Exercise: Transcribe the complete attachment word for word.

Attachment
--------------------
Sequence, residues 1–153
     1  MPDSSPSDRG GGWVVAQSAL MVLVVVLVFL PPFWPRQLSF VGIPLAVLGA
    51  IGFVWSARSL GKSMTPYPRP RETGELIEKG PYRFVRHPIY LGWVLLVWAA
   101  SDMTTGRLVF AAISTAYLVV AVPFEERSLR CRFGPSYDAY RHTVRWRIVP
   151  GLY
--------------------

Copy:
Sequence, residues 1–153
     1  MPDSSPSDRG GGWVVAQSAL MVLVVVLVFL PPFWPRQLSF VGIPLAVLGA
    51  IGFVWSARSL GKSMTPYPRP RETGELIEKG PYRFVRHPIY LGWVLLVWAA
   101  SDMTTGRLVF AAISTAYLVV AVPFEERSLR CRFGPSYDAY RHTVRWRIVP
   151  GLY